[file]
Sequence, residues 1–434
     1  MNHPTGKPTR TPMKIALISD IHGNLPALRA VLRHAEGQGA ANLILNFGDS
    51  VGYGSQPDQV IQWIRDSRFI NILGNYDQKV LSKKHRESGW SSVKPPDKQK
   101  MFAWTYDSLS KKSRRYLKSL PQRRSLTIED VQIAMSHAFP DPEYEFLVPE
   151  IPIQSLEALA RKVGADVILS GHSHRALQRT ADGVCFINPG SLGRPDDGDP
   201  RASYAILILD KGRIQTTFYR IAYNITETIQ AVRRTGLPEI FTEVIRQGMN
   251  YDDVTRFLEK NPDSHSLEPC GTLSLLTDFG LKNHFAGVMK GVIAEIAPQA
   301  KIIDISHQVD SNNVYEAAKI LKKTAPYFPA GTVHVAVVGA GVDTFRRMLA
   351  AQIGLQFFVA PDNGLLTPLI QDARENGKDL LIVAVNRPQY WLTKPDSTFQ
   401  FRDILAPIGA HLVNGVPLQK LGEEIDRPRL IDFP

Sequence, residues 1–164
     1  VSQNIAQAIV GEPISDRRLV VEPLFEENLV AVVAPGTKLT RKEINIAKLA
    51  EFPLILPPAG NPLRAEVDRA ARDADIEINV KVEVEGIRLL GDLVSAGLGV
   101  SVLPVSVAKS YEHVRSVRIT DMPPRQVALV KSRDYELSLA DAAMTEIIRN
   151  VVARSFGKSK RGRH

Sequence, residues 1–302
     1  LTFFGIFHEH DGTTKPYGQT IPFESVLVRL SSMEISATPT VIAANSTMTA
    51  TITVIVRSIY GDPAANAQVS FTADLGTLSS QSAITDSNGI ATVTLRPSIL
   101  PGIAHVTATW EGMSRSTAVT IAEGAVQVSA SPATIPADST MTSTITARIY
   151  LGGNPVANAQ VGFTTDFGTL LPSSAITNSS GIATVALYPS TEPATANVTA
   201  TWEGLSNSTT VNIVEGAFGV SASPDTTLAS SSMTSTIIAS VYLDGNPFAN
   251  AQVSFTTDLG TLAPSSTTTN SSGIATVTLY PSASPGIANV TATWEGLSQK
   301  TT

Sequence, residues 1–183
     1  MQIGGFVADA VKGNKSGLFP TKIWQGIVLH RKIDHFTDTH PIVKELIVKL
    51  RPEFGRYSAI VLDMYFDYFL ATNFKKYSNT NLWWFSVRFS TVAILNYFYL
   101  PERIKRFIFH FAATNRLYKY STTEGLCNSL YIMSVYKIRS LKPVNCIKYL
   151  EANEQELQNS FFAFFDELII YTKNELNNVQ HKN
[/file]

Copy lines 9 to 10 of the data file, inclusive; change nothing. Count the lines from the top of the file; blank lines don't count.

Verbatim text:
   351  AQIGLQFFVA PDNGLLTPLI QDARENGKDL LIVAVNRPQY WLTKPDSTFQ
   401  FRDILAPIGA HLVNGVPLQK LGEEIDRPRL IDFP